Habitat III Conference: Sustainable Urbanisation Agenda for the Next 20 Years

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How can we improve people’s lives in cities over the next 20 years – not only for the 4bn existing citizens but also for the 1.5bn expected new city arrivals? – The UN Habitat Conference in Quito aims to set the New Urban Agenda and real estate plays an important role in its implementation.

The Rural-to-Urban Population Shift Requires New Development Models

City living has become the predominant life style over the past decades as 2007 saw the urban population represent over 50% of total population, for the first time in human history. Hundreds of millions of people left their rural environments streaming into ever growing metropolises in search of a better life. In 1976, the United Nations convened the first global urbanisation summit in order to define development models for cities to help them cope with the scale and speed of urbanisation, above all in developing countries. At the time, just over one third of the world’s population lived in cities.

Embracing the Urbanisation Process to Improve People’s Lives

20 years later, at the second “city summit”, held in Istanbul, in 1996, the World realised that urbanisation has been progressing at a fast pace and that rural areas continued to lose its people with the share of urban populations increasing to 45%. With the insight that this rural-urban migration was unstoppable, the Habitat II conference defined an agenda to provide safer, healthier, more sustainable and productive cities over the coming two decades.

20 Years to Make Cities Fair, Prosperous and Resilient

The goal of the third Habitat conference, in Quito, Ecuador, in October 2016, is to agree the “New Urban Agenda”. Its aim is not only to reinvigorate the global commitment for sustainable urbanisation for the existing 4bn city dwellers but also to plan for the arrival of an additional 1.5bn people by 2036. The Habitat III agenda is based on three guiding principles: Urban equity and eradication of poverty, sustainable and inclusive urban prosperity and ecological and resilient cities. Introduced to the Habitat summit in 1996 as an additional stakeholder to realise the urbanisation goals, the private sector will be expected to play an even bigger role, this time around.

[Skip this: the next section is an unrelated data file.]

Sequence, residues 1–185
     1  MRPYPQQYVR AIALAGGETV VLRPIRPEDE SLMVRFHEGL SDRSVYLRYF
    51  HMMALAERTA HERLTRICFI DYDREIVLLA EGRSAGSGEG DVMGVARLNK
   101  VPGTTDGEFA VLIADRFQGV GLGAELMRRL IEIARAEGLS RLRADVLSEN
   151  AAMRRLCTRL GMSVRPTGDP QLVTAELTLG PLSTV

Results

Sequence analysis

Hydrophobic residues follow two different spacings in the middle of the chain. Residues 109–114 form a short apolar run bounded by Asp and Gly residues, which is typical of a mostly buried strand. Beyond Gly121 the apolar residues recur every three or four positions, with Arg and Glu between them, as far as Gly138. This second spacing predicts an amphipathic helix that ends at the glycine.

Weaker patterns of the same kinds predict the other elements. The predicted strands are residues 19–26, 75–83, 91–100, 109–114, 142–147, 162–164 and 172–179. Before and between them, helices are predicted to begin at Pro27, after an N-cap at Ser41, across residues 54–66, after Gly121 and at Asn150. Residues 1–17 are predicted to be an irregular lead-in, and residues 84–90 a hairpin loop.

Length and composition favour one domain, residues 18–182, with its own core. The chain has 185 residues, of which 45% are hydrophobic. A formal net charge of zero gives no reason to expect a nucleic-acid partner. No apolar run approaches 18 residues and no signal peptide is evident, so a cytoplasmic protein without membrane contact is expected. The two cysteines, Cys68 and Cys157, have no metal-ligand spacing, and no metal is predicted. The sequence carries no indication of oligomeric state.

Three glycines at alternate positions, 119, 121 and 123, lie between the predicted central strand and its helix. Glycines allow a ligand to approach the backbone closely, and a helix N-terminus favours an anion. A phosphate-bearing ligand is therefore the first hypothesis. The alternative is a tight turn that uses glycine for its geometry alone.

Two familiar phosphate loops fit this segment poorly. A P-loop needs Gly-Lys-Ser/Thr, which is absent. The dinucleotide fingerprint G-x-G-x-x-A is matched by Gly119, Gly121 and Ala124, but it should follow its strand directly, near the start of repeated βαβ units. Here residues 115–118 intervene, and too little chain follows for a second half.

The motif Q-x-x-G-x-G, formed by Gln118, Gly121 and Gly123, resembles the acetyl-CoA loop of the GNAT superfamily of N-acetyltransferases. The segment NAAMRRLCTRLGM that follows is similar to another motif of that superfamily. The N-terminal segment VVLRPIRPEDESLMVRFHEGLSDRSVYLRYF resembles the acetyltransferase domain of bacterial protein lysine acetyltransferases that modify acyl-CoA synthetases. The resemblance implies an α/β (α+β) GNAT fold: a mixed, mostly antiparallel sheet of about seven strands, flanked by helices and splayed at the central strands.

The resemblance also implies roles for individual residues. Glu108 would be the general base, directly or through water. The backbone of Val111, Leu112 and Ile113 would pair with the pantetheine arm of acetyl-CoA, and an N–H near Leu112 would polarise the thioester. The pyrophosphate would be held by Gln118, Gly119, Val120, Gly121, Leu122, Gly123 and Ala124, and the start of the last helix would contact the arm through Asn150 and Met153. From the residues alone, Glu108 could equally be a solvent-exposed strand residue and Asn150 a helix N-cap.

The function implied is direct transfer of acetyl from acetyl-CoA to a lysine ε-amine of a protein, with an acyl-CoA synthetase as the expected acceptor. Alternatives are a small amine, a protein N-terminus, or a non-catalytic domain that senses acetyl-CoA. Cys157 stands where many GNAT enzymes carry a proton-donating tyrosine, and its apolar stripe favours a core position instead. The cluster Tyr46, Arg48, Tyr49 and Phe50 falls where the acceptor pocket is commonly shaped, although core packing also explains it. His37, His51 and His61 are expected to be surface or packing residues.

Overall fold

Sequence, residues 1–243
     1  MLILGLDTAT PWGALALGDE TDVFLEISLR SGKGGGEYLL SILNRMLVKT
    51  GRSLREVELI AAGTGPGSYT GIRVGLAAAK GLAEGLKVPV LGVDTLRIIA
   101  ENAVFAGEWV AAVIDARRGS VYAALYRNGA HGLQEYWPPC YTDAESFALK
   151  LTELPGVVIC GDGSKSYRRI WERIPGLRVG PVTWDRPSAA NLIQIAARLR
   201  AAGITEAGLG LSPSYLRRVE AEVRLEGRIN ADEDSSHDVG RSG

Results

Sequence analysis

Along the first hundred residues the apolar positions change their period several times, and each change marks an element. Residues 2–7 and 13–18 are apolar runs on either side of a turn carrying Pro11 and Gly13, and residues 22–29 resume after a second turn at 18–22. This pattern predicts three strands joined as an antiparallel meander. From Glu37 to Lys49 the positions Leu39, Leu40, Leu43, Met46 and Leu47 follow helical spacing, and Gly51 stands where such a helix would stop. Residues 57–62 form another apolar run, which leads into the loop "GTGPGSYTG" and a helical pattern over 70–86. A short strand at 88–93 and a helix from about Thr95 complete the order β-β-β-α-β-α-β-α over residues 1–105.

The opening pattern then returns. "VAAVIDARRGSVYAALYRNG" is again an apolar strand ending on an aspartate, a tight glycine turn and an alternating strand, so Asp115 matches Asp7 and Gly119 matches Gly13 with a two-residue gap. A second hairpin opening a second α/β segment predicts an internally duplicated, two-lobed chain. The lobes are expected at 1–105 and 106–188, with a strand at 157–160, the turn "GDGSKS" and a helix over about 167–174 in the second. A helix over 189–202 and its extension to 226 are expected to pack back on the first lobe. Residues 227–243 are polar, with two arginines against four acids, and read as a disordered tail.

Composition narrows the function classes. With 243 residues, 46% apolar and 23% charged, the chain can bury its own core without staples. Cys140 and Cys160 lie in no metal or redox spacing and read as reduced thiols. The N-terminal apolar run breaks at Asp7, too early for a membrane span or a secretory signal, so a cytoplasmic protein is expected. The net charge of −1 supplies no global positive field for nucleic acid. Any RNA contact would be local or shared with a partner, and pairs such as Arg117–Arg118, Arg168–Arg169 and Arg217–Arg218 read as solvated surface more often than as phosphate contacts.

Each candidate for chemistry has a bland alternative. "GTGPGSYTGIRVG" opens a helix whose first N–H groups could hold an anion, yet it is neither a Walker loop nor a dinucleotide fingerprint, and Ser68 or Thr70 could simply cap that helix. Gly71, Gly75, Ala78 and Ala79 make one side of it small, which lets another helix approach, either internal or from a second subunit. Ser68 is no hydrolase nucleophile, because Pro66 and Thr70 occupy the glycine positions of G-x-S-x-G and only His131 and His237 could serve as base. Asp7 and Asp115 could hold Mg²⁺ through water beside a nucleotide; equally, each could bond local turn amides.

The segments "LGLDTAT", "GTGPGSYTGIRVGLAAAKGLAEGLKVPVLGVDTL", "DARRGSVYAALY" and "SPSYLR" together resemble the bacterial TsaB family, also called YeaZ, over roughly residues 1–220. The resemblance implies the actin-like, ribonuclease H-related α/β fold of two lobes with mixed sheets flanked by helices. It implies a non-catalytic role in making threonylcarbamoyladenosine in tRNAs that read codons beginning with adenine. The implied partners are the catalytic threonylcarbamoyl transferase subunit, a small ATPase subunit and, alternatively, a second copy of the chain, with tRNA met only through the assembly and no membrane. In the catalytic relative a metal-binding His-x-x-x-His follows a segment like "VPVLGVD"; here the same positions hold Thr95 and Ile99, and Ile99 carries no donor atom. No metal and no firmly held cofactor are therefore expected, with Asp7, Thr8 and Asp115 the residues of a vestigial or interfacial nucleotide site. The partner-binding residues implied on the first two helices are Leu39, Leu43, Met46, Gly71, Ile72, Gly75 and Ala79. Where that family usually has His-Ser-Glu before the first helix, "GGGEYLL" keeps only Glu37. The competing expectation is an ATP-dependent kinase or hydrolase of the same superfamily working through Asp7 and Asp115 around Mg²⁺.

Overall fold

Real Estate: From Simple Shelter to Sustainable Development Vector

In past conferences, real estate was seen in a more limited role, to provide safe, clean and secure shelter for all. This time around, and in parallel with a vastly increased agenda – from 15 points in 1996 to 175 action points this time – real estate is becoming a vector for achieving a whole array of sustainable development objectives. Buildings and construction can provide reduced greenhouse gas emissions through energy efficient design, operations and life-cycle based carbon management. Renewable energy generation on building roof tops or district-wide combined heat and power facilities contribute to a resilient and low carbon energy infrastructure. Affordable housing development widens access to different income groups of society. Resilient buildings reduce risks for residents and improve business continuity during severe weather events. And the use of resource-efficient raw and construction materials contributes to a sustainable use of natural resources.

Transparency Plays a Crucial Role for Implementation

The definition of objectives needs to go hand in hand with their implementation where transparency and reporting play a crucial role. Transparency tools that enable real estate stakeholders to realise their sustainability goals are manifold: Building energy performance standards and codes provide good practice guidance for energy efficient design and construction. Energy efficiency labelling helps investors and occupiers identify buildings that contribute to low carbon imperatives and provide an indication of their operational cost efficiency. Green building standards and certifications guide developers and tenants in providing future-proof and healthy buildings to citizens and office employees. And carbon reporting frameworks keep investors and corporates ‘transparent’ on their sustainability journey.

 

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